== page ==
In 1972, Dr. James Cone, the top African-American theologian in the United States, wrote a fascinating book titled, The Spirituals and the Blues. In this book, he looks at the history and importance of music in the African-American culture. The blues, he wrote, are “secular spirituals,” while the spirituals were code language, dealing with the meaning of daily existence and the hope of a better future “over Jordan.” For example, the metaphor, “over Jordan” (and “crossing into Canaan”), not only meant going to heaven after death, but also referred to the underground railroad and crossing the Ohio River, into Ohio, where they would be free. The spirituals had both a now and not yet theology built into them. Consider the spiritual, “Children, We All Shall be Free.”
Children, we all shall be free
When the Lord shall appear
We want no cowards in our band
That will their colors fly
We call for valiant-hearted men
That are not afraid to die
We see the pilgrim as he lies
With glory in his soul
To heav’n he lifts his longing eyes
And bids this world adieu
Give ease to the sick, give sight to the blind
Enable the cripple to walk
He’ll raise the dead from under the earth
And give them permission to walk
A continual theme, in both the spirituals and the blues, is freedom from oppression, and the hope of a better day coming. But until that day comes (future), these songs teach, and affirm human dignity in the here and now. A now and not yet theology.
The Kingdom of God
In a lot of ways, the theology behind the spirituals (and to some extent, the blues) is the theology of the kingdom of God. There is a better day coming, but there is also a better way right now! The central theme in Luke’s gospel, as in all the gospels, is the present reality, and future hope, of the kingdom of God. The kingdom of God IS the radical reversal of all things that Luke alludes to time and time again.
Luke 17:20 begins a new cycle in Jesus’ teaching. Luke records, “Once, having been asked by the Pharisees when the kingdom of God would come…” (Luke 17:20a). The Pharisees had a deep interest in the kingdom of God. Their belief was that one day, God would “intervene in human affairs to deliver the righteous, judge the wicked, and bring in an era of peace, justice, and righteousness.” This led to the belief of a militant messiah who would overthrow the empire and re-establish the throne of David. To the Pharisees, and most of the Jews, the arrival of God’s kingdom would be dramatic and cataclysmic. For them, this day was still in the future. In essence, what they are asking Jesus would be like us asking someone today, “When will Jesus return?” Several times, already, Jesus has mentioned the kingdom of God:
- Luke 4:43 – “I must preach the good news of the kingdom of God to the other towns also, because that is why I was sent.”
- Luke 7:22-23; in response to John the Baptist asking if Jesus was the Messiah – “Go back and report to John what you have seen and heard: The blind receive sight, the lame walk, those who have leprosy are cured, the deaf hear, the dead are raised, and the good news (of the kingdom of God) is preached to the poor”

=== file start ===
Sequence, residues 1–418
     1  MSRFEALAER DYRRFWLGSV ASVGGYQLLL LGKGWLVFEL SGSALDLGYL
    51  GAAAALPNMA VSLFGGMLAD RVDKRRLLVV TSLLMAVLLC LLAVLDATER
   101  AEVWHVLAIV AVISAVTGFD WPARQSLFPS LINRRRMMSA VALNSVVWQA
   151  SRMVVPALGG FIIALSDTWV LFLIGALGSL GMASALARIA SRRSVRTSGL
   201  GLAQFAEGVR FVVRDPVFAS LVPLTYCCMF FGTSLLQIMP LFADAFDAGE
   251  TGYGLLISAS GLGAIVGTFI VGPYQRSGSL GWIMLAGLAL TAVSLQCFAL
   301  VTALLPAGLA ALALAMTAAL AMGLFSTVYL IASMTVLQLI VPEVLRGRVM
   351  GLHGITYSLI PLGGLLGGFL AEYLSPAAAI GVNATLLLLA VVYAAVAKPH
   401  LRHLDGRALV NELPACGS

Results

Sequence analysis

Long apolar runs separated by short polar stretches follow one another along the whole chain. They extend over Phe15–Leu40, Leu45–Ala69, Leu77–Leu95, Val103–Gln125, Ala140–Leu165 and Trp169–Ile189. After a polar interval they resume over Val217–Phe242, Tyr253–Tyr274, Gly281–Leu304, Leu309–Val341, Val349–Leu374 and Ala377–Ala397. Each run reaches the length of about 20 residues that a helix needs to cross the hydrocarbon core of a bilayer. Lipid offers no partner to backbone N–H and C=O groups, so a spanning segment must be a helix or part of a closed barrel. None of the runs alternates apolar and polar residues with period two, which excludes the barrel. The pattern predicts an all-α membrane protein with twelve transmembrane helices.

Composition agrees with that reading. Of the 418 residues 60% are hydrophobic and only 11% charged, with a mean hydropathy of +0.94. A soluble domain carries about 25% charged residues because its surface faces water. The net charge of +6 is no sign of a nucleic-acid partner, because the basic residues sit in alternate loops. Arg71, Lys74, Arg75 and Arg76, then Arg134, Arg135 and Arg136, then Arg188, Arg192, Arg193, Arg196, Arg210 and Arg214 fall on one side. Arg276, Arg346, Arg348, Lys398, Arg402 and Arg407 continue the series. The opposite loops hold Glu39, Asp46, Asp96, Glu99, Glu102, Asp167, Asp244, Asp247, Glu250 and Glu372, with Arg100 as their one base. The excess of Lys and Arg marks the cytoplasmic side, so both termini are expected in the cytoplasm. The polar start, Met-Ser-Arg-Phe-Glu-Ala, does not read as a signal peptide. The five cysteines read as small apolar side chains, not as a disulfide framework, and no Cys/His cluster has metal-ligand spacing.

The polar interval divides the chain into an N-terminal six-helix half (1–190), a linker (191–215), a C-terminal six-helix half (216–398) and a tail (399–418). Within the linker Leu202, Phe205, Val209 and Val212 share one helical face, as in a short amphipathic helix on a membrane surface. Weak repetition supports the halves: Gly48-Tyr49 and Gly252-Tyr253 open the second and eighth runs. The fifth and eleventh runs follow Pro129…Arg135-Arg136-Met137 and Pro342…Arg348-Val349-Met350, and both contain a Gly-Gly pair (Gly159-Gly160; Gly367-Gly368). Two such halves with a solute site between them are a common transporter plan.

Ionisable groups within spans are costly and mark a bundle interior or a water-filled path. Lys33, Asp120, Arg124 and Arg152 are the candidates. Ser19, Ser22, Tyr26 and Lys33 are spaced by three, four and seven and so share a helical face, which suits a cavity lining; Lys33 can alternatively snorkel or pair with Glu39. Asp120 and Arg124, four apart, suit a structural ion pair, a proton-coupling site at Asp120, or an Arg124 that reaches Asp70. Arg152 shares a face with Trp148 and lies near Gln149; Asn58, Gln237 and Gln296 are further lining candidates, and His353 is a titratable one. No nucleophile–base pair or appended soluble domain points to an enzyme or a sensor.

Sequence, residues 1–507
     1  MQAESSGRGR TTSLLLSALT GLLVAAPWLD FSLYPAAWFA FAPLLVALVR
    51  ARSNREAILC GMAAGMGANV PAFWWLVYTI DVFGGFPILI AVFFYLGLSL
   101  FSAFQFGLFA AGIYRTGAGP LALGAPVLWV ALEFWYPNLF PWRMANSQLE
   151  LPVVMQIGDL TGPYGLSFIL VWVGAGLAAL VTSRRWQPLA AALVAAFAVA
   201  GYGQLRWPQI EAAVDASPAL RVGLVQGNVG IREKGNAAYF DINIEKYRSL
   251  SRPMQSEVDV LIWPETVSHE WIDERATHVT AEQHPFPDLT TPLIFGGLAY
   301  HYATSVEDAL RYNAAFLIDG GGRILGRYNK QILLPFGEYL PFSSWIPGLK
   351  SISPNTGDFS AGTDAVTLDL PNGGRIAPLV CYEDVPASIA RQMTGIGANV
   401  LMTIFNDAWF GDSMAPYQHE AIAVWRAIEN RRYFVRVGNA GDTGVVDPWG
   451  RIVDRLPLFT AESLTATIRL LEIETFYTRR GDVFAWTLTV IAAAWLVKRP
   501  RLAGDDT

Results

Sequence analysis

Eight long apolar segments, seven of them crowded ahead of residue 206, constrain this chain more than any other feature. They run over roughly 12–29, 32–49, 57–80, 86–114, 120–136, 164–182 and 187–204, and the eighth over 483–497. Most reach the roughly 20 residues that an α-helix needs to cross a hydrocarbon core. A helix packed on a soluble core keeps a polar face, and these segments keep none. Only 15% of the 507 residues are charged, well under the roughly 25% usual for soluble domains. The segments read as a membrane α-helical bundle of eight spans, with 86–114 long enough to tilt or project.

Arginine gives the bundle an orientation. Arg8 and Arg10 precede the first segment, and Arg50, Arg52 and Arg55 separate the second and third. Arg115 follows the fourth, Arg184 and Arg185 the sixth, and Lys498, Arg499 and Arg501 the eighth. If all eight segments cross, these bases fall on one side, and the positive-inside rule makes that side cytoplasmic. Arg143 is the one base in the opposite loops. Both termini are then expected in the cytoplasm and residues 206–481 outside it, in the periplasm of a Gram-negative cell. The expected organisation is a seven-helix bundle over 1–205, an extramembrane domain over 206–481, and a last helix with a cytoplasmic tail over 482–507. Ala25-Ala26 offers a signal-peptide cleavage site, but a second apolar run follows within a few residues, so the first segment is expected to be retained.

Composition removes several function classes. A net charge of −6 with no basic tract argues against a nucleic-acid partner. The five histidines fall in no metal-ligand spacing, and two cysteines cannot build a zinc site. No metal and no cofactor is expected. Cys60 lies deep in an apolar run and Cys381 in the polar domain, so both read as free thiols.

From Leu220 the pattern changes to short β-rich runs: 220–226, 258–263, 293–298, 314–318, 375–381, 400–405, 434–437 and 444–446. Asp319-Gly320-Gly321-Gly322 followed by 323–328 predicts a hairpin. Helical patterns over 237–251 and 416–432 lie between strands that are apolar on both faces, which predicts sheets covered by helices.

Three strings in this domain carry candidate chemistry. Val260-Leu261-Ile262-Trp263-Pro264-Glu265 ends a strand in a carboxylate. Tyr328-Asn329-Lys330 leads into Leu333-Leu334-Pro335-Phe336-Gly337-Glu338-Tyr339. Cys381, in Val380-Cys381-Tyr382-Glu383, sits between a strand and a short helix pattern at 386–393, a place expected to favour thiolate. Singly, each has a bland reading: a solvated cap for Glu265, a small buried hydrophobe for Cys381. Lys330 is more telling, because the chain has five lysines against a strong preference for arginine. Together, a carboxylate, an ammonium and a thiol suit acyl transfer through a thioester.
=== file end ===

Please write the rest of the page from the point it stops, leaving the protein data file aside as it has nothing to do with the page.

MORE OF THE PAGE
- Luke 10:9-11 – “Heal the sick who are there and tell them, ‘The kingdom of God is near you.’ But when you enter a town and are not welcomed, go into its streets and say, ‘Even the dust of your town that sticks to our feet we wipe off against you.’ Yet be sure of this: The kingdom of God is near.”
- Luke 11:20 – “But if I drive out demons by the finger of God, then the kingdom of God has come to you.”
- Luke 21:5-33 – The Olivet Discourse (signs of the end of times and the fulfillment of the coming kingdom).
Like many people today, the Pharisees were interested in end time prophecies and calculating the time of the coming Messiah. Interestingly enough, while they ask Jesus this question, they missed the Messiah standing right in front of them. They were so concerned with what God was going to do in the future that they missed what He was doing in the here and now. If we are not careful, we will fall into the same trap. Here is today’s first lesson: Don’t miss what God is doing now, because you are looking for what you think He is going to do in the future. Don’t let prophecy blind you from the present!
“Jesus replied, ‘The kingdom of God does not come with your careful observation…” (Luke 17:20b). In other words, don’t waste your time trying to figure out when the Messiah will come (or return); “…nor will people say, ‘Here it is,’ or ‘There it is,” (Luke 17:21a). In other words, don’t waste your time listening to people who think they know when the Messiah will come (or return). Why? Because “the kingdom of God is within you” (Luke 17:21b). Jesus was not teaching that we become God ourselves. The translation, “within you” is unfortunate. A better translation is “among you,” and that is how the New Revised Standard Version translates it: “For, in fact, the kingdom of God is among you” (Luke 17:21b, NRSV). God’s kingdom is present right now!